Business ethics: ancient ideas, modern applications
The Jewish Internet with Mark Mietkiewicz, Special To The Dayton Jewish Observer
Is there a Jewish way to lay off workers? Is it kosher to declare bankruptcy?
Is it ethical to tap into your neighbors’ Wi-Fi? What if they give you permission?
Although you may not think Judaism has much to say about these things, you might be surprised. Contemporary rabbis and other thinkers have studied the “thou shalts” and “thou shalt nots” found in the Torah, Talmud and traditional sources and have applied them to the business dilemmas of modern-day life.
But why do we need to go to sources? Can’t we just weigh each situation and wing it according to what feels Jewish?
That’s where this anecdote comes in. A shochet (ritual slaughterer) once approached Rabbi Yisroel Salanter with a dilemma.
The shochet said that he was getting older and becoming fearful of making mistakes that may cause others to eat non-kosher meat. He wished to stop slaughtering and go into business instead. Salanter asked if he was an expert in the Jewish laws of slaughtering. “Of course, Rebbe.”
Salanter then asked, “Are you an expert in the Jewish laws of business?” The student laughed, “Of course not, very few people learn those laws.” Salanter replied, “You are not making any sense. If you are prepared to stop slaughtering because of your fear of sinning, even though you are an expert in the laws, how much more so should you fear sinning in business, in which you have no expertise (bit.ly/jethics3)?”
The Business Ethics Center of Jerusalem outlines some principles which may not necessarily align with modern business practices:
• The imperative of integrity demands honesty even when it is contrary to business advantage.
• Greed, while being an important motivation for economic activity, is also a source for unethical behavior.
• Judaism recognizes that self-interest plays a major (but not sole) role in ensuring ethical standards. Love your neighbor as yourself offers the positive and negative aspects of this principle.
Unlike other traditions, Judaism has never viewed poverty as a virtue. Wealth, however, has always been seen as a challenge (bit.ly/jethics4).
Rabbi Yizchok Breitowitz has examined whether declaring bankruptcy is a kosher choice under halachah, Jewish law. He points out that, “the Torah considers the obligation to pay debts as absolute… and there is no mechanism in halachah that is tantamount to escaping your debts by filing a bankruptcy and obtaining a discharge.”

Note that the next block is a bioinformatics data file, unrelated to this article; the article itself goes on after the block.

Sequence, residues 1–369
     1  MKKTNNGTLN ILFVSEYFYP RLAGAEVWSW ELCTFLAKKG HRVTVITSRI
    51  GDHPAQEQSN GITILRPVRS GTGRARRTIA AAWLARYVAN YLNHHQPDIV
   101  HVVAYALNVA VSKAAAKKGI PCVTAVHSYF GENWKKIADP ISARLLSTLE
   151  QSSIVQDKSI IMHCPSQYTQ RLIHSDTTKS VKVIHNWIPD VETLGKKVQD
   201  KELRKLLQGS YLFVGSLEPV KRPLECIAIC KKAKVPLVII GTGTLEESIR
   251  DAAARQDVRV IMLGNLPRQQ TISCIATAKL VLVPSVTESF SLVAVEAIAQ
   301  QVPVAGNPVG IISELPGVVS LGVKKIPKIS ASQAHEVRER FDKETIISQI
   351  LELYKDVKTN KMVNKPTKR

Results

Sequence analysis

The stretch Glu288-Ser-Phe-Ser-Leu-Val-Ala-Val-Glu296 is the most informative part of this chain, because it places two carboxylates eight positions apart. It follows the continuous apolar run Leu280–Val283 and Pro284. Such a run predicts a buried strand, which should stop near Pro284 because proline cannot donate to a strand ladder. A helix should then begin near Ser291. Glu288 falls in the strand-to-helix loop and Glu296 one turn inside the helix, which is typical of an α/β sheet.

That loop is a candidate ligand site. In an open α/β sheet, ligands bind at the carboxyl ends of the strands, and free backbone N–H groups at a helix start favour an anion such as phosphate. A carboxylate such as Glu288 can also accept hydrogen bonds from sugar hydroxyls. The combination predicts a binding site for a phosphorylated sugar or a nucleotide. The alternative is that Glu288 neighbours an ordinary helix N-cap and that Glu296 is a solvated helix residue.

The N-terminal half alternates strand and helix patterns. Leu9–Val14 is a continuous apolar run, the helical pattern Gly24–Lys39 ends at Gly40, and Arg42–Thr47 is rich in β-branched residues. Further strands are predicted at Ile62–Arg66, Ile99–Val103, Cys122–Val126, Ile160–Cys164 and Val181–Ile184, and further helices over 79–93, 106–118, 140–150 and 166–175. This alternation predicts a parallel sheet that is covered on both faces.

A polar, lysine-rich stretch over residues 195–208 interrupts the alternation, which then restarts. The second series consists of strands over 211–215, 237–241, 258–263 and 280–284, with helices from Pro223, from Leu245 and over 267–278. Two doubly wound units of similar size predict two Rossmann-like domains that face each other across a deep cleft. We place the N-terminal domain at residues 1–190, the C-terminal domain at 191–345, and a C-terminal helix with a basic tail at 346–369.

But since we live in a secular country, are we allowed to file bankruptcy and get a discharge? Although the answer seems to be yes, the fascinating part of the article is the reasoning which the rabbi uses, and his explanation of the rights of lender and debtor in secular and Jewish societies — as well as the role of the Jewish community toward individuals who find themselves in financial distress (bit.ly/jethics5).
Is there a Jewish way to lay off workers? An article in Forward tells the story of someone who had worked almost 25 years for a Jewish institution and was laid off two years short of retirement. Rabbi Elliot Dorff feels that “it’s just mean, frankly, to fire people at that stage.”
Dorff says that Jewish texts and tradition are filled with discussion about the importance of work — and the responsibility that employers have to employees.
When his own institution, the American Jewish University, faced cutbacks, staff elected to take salary cuts as a group rather than allowing any individuals to lose their jobs (bit.ly/jethics6).
I came across a fascinating case heard by the Bet Din (rabbinical court) of Haifa about a school maintenance worker who was dismissed after 12 years of service. The court ordered the employer to go beyond the letter of the law to not only pay him an enhanced severance fee but also assist him to find another job “in order ‘to do that which is just and good (bit.ly/jethics7).’”
And the Wi-Fi? What if your neighbor has unlimited access and won’t notice or doesn’t care? That’s not the point, says Rabbi Dr. Asher Meir.
“The problem with this reasoning is that the service provider charges a certain price for unlimited access based on the knowledge that the average subscriber uses a certain amount of bandwidth (amount of wireless information). It’s like an all-you-can-eat buffet; a person is allowed to eat as much as he wants, but if diners were allowed to ‘piggy-back’ on a single meal then the restaurant would find it pretty hard to break even (bit.ly/jethics8).”
Mark Mietkiewicz writes about resources for Jewish life to be found on the Internet. Contact him at firstname.lastname@example.org.
To read the complete October 2015 Dayton Jewish Observer, click here.